Germany frees Iraqi suspect in killing that sparked racist attacks

Defence lawyer Ulrich Dost-Roxin speaks during a press conference on September 18, 2018 in the eastern German city of Chemnitz, after a district court freed an Iraqi man who had been held as the main suspect in a deadly stabbing that sparked xenophobic mob violence there last month. (AFP)
Updated 18 September 2018
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Germany frees Iraqi suspect in killing that sparked racist attacks

  • Police investigators found no forensic evidence or witnesses to link the 22-year-old asylum seeker to the fatal knife attack
  • Defense lawyer Ulrich Dost-Roxin charged that the arrest warrant and detention order had been illegal

BERLIN: A court in the eastern German city of Chemnitz on Tuesday freed an Iraqi man who had been held as the main suspect in a deadly stabbing that sparked xenophobic mob violence there last month.
Police investigators found no forensic evidence or witnesses to link the 22-year-old asylum seeker, named by media only as Yousif Ibrahim A., to the fatal knife attack, prosecutors said.
Defense lawyer Ulrich Dost-Roxin charged that the arrest warrant and detention order had been illegal, based on “a fantasy of the prosecutor” and “fake evidence” against his client, who had become a “political football.”
The court did however keep in custody another suspect, the Syrian Alaa S., 23, over the attack on Daniel Hillig, a 35-year-old German man with Cuban roots, in the early hours of August 26.
Police were still searching with an international arrest warrant for an Iraqi man who was not publicly named.
News of the late-night killing had quickly spread via social media in Chemnitz and sparked protest marches that quickly escalated into racist mob violence.
Hours after the stabbing, mobs of mainly right-wing extremist football hooligans marched through the city and launched random street attacks against people they took to be foreigners, including an Afghan, a Syrian and a Bulgarian man.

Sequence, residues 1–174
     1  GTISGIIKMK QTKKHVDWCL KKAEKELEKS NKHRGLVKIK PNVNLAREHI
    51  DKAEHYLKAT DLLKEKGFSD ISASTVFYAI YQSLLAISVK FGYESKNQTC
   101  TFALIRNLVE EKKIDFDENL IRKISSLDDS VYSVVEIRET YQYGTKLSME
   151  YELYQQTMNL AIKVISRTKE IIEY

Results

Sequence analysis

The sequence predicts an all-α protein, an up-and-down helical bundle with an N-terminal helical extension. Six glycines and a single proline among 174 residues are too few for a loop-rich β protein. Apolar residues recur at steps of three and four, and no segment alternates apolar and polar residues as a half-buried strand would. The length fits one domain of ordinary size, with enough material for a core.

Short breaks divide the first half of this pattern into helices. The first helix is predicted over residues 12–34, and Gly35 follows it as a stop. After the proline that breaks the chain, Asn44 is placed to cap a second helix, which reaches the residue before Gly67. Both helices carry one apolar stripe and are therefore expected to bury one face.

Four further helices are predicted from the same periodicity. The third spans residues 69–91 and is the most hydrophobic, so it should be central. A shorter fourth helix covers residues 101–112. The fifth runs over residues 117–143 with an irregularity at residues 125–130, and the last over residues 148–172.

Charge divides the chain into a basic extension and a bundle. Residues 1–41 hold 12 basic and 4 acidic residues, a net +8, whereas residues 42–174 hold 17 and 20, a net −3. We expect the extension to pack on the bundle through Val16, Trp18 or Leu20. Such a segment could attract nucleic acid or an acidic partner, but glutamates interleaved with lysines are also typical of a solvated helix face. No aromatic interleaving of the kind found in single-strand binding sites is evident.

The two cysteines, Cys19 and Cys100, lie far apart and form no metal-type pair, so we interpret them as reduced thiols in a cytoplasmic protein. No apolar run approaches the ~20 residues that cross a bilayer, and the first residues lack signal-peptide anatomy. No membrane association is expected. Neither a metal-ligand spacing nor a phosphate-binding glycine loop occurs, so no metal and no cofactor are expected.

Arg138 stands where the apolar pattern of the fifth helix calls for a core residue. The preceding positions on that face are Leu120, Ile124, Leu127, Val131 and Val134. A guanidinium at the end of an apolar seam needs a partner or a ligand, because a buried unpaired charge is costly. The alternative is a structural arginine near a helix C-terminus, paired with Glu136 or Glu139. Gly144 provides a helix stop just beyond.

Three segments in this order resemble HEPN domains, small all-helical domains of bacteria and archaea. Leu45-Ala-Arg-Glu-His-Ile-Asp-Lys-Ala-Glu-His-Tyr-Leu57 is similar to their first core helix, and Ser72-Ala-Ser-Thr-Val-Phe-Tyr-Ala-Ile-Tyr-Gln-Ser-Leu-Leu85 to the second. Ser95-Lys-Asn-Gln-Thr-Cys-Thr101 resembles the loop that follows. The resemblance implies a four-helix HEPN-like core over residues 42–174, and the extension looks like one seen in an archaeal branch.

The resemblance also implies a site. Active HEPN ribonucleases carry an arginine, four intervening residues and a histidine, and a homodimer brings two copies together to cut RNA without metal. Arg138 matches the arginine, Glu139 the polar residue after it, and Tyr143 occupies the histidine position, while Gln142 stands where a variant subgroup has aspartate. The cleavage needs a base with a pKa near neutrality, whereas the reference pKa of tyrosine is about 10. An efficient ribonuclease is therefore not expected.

A mass rally the next evening drew thousands of far-right protesters, some of whom gave the illegal Hitler salute and clashed with antifascist counter-protesters.
Saxony state, where Chemnitz is located, has been a stronghold of far-right parties and groups that bitterly oppose Chancellor Angela Merkel for her 2015 decision to keep open German borders to a mass influx of migrants and refugees.
The atmosphere was further inflamed when the arrest warrant of Yousif A. was leaked by a prisons officer to extremist groups who then posted it online, spelling out the full names of the suspects, victim, eyewitnesses and the judge.
Security services in the state have come under fire for the alleged sympathies of some officers with movements like the anti-immigration Alternative for Germany (AfD) party and the anti-Islam street movement PEGIDA.


‘Send her back!’, US crowd roars as Trump steps up ‘racist’ attack on 4 congresswomen

Updated 14 min 19 sec ago
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‘Send her back!’, US crowd roars as Trump steps up ‘racist’ attack on 4 congresswomen

  • Trump's targets are Reps. Alexandria Ocasio-Cortez of New York, Ilhan Omar of Minnesota, Ayanna Pressley of Massachusetts and Rashida Tlaib of Michigan
  • He described the targets his hate campaign as "hate-filled extremists who are constantly trying to tear our country down"

GREENVILLE, North Carolina: Going after four Democratic congresswomen one by one, a combative President Donald Trump turned his campaign rally Wednesday into an extended dissection of the liberal views of the women of color, deriding them for what he painted as extreme positions and suggesting they just get out.
“Tonight I have a suggestion for the hate-filled extremists who are constantly trying to tear our country down,” Trump told the crowd in North Carolina, a swing state he won in 2016 and wants to claim again in 2020. “They never have anything good to say. That’s why I say, ‘Hey if you don’t like it, let ‘em leave, let ‘em leave.’“